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PROFILES | PERSONALITIES

17 Nov 2020

"I'm Here to Serve" says New Liberal MP Marci Ien Featured

For over two decades, Marci Ien has been a fixture in the Canadian media scene. From covering the national news for CTV in Halifax, to anchoring the wildly successful 2010 Winter Olympics in Vancouver, to being a political reporter at Queen’s Park, Ien has had a long and celebrated career as a broadcast journalist. 

Thousands of Canadians started their day with Ien when she was the news anchor and co-host of CTV’s national morning program, Canada AM, between 2001-2016. When the show was cancelled after 44 years, Ien made the switch from news anchor to talk show host, joining the coveted couch on one of Canadian television’s most popular daytime programs, The Social. Ien loved her job and grew to become close friends with her new co-hosts. She loved talking to people about their lives, and enjoyed being able to speak about issues that mattered to her as opposed to just reporting the news. In her role as a co-host on The Social, Ien often spoke about social issues like gender equality and systemic racism, particularly in the wake of several violent incidents we saw this past year. According to Ien, she had even considered retiring there. Despite all of that, Marci decided to leave her journalism career behind, at the age of 51, this past summer. 

Following the resignation of former finance minister and Member of Parliament, Bill Morneau, Marci Ien was presented with an opportunity. Morneau represented the Toronto-Centre riding for the Liberals, and exactly one month after his resignation was announced, Ien revealed her intention to run to replace him in the upcoming by-election. On October 26, she won the by-election, beating out new Green Party leader, Annamie Paul, in the process. The decision to enter the political arena didn’t come easily, but she saw the opportunity to be an MP as a way to build upon the work she had been doing throughout her career. To her, the difference between being a broadcaster and being a politician is that she could transition from talking about change, to actually enacting it. Ien has long been an advocate for humanitarian causes like human rights overseas and representation in the media...and while the decision to shift from journalist to politician might seem like a natural or calculated career progression, for Ien, it was never her plan.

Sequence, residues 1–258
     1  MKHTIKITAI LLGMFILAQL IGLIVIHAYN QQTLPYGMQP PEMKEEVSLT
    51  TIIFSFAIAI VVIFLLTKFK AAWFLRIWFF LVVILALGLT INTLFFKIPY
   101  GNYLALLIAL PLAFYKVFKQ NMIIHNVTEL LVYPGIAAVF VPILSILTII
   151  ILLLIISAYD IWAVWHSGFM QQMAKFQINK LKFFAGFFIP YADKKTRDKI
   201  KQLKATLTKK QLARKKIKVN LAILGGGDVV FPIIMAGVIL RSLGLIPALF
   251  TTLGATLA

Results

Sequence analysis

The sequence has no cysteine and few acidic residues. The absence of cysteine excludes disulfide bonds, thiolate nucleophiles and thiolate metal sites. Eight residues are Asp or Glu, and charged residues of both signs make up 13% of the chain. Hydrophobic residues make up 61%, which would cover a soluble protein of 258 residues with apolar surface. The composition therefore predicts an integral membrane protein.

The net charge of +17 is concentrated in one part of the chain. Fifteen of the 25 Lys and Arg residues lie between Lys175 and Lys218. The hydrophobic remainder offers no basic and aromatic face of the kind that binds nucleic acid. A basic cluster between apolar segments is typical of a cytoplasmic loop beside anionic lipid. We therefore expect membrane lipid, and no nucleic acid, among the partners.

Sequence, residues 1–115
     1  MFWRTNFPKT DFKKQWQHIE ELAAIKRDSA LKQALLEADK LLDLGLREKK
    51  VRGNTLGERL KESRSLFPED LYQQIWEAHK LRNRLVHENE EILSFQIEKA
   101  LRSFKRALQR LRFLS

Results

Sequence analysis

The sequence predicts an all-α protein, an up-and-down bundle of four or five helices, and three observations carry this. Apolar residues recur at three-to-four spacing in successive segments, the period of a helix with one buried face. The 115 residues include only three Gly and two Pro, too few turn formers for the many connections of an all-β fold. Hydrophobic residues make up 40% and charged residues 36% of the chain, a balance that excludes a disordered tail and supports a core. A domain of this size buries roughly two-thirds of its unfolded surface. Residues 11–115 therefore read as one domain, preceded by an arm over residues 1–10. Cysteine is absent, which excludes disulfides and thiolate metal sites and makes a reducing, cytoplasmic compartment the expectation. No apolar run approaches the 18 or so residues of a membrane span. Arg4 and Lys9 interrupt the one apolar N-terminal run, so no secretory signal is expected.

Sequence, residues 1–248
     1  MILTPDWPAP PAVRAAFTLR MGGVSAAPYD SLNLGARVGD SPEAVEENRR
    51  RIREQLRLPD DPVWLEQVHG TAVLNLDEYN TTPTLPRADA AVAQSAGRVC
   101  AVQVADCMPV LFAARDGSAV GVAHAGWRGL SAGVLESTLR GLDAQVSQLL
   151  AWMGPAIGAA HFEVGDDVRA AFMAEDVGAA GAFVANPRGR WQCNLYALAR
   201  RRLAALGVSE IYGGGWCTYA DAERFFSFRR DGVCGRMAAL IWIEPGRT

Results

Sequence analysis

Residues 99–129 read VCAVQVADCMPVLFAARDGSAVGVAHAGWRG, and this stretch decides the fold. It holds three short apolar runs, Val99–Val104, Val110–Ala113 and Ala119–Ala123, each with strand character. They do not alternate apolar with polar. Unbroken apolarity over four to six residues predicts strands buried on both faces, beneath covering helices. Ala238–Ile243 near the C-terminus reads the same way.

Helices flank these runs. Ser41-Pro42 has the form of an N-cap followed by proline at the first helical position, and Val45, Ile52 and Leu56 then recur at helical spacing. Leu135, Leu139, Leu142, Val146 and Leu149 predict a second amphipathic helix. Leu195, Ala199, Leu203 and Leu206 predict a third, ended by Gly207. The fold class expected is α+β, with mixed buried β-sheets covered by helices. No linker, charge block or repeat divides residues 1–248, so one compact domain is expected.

When you were reporting at Queen's Park back in the ‘90s did you ever imagine that you would find yourself as a politician?

You know, a couple of us [journalists], have made the leap, but I don't know that it’s anyone's intention. It certainly wasn't mine. My favourite thing about reporting was connecting with people, and that’s what I’m finding is the transferable skill here.

Bill Morneau resigned as finance minister and relinquished his seat in the House of Commons on August 17, and exactly one month later you announced that you were going to run to replace him. What was going through your mind and what was your life like during that period?